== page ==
This morning Professor Sethu Vijayakumar – Director of the Institute of Perception, Action and Behaviour – very patiently talked me through the different areas of robotics research undertaken in the forum, and explained how the different expertise in Machine Learning in the department led to a diversity of application domains, each with specific demands and working with varying amounts (and types) of data. The work here in robotics has a focus on embodiment, both in terms of virtual embodiment (avatars, animation and graphics) and actuation systems, such as the I-LIMB Hand™ he’s pictured demonstrating for me.
Before going to talk with Sethu, my attempts to borrow library books had been thwarted by a lack of official staffcard so I’d consoled myself by watching a number of videos of robots online and sketching up outlines for turning grant proposals into quest narratives instead. I was struck by the apparent desire to personify robots by giving them faces, even if those faces were purely decorative, e.g. they have no need for ‘eyes’ (cameras). Sethu explained that anthropomorphising robots was problematic: the more human in appearance you make them, the more people instinctually judge them against human standards and become frustrated with their reactions. This is known as the ‘uncanny valley’ – the space between design and action where human interaction with robots can tip into a instinctual revulsion, based on an innate sense that something is ‘wrong’. It turns out that it’s more effective to portray them as a pet – a dog-like creature, for example – so that there is still an emotive engagement, but with lower expectations of ability (e.g. speed of responses).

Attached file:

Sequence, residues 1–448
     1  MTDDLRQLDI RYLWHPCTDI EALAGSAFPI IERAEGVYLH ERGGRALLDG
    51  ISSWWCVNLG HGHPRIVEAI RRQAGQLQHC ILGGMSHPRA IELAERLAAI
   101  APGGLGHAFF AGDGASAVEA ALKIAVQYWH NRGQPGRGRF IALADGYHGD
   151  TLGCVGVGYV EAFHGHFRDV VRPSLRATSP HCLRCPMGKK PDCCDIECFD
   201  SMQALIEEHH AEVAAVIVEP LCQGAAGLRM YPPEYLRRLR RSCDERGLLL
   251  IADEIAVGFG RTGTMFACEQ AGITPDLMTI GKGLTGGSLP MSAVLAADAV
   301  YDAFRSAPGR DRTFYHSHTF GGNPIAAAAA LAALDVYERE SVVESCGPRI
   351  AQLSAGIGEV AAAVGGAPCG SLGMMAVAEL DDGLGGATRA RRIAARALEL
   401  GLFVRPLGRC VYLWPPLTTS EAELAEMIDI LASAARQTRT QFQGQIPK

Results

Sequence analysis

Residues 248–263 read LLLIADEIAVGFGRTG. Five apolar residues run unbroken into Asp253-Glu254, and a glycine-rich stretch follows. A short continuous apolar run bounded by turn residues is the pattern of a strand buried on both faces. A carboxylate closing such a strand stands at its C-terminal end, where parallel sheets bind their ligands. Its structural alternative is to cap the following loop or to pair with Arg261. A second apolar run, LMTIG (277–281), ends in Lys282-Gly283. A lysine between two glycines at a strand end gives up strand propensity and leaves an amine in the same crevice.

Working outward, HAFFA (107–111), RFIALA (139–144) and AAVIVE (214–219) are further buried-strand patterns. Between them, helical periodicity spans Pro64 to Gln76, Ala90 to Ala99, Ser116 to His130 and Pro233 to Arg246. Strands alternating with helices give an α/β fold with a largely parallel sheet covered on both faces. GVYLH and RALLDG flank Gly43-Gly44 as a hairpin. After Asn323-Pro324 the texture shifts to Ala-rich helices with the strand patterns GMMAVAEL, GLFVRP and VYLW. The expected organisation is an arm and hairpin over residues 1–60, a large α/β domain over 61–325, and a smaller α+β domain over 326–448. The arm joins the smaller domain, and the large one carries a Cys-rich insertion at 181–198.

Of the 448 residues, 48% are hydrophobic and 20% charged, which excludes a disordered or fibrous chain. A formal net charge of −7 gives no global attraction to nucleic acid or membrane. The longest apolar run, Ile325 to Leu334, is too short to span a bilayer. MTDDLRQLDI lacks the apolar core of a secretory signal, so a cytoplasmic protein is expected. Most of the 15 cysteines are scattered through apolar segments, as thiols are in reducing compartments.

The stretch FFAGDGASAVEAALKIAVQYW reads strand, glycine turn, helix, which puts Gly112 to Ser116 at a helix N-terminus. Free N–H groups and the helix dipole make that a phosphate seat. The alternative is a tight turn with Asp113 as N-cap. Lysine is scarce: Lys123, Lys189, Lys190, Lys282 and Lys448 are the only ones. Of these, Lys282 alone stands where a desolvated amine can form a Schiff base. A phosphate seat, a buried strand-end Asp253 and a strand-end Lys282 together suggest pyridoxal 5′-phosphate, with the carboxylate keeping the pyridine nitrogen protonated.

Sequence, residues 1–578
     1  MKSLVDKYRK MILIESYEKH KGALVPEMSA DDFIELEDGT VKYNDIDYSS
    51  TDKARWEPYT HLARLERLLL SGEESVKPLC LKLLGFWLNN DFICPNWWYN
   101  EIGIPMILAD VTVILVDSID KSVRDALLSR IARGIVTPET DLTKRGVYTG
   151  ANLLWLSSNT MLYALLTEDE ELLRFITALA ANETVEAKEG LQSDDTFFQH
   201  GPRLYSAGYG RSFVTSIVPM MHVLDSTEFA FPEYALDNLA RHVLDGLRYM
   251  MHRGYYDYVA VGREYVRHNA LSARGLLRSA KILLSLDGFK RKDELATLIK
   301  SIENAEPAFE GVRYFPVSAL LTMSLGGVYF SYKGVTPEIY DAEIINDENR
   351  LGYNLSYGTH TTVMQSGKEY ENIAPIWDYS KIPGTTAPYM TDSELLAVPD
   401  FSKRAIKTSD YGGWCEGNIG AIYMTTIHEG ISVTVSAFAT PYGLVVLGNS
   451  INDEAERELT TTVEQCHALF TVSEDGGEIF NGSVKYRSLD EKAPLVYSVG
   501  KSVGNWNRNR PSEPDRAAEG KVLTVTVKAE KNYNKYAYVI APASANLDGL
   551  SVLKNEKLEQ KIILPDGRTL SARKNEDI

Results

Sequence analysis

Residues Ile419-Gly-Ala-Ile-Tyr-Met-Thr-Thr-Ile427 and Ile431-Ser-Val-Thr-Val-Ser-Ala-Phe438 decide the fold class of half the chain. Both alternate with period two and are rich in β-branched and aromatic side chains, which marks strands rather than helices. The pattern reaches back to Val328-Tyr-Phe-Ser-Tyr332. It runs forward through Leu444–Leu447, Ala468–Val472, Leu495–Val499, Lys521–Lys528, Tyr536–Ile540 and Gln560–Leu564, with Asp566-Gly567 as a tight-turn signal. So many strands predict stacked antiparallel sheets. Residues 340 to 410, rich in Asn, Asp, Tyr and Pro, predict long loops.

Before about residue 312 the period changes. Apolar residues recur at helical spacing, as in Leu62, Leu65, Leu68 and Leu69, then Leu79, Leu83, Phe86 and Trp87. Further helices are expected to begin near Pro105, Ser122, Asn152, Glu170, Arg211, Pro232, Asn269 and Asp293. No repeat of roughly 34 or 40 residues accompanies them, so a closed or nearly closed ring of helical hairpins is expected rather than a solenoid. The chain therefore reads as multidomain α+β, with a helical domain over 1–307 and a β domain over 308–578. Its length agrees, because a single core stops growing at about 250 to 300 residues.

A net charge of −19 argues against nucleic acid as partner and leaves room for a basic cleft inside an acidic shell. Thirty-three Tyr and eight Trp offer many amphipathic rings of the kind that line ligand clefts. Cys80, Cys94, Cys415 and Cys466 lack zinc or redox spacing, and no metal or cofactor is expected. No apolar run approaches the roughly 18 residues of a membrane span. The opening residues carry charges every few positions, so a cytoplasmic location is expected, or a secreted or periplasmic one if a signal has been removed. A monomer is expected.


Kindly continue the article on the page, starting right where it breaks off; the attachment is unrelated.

This interaction between human & robot is an important one since Sethu’s work looks at exploiting the best of both worlds: human strengths in reactive, contextualised decision making and machine abilities in precision action. In practical terms this means cognitive research into the computational decisions behind human motor control and attempting to replicate their basic principles to make better machines. As multi-purpose machines, we humans are exceptionally efficient – for example, based on matched energy consumption and force a machine cannot match a human’s ability to throw. Our ability to transfer effectively between states – such as stiffening our legs in response to walking on varying surfaces, storing energy temporarily in our tendons and muscles, or moving with grace and confidence – has led to research into developing similarly flexible actuators for machines, which has a variety of potential applications ranging from wind farms to prosthetics.
Humans are irrational – unpredictable, working at less than optimal conditions, ambiguous, and context driven. In one of the robotics labs, Sethu showed me a machine who could play Connect4: block the vision-input sensors (eyes) and the machine can’t play. Move the game-frame away: ditto. Change Connect4 to Chess and you’d have to re-programme from the beginning. While machines can appear to be ‘intelligent’ at a single task – accurate, precise and competent – when multiple contingents come into play which alter their metric of performance (the priority criteria by which the machine’s performance is evaluated as ‘good’ or ‘bad’), then the machine’s inability to predict the irrational is thrown into stark relief. Down in the main robotics laboratory is a football pitch for a team of humanoid robot football players. Playing football allows them to be assessed for hierarchical decision making and multi-agent interaction. They’re programmed through the concept of apprenticeship learning: by looking at behaviour and trying to extract what has been optimised to achieve that behaviour, the decision-making process behind actions can be generalised and scaled between machines of different shapes and sizes.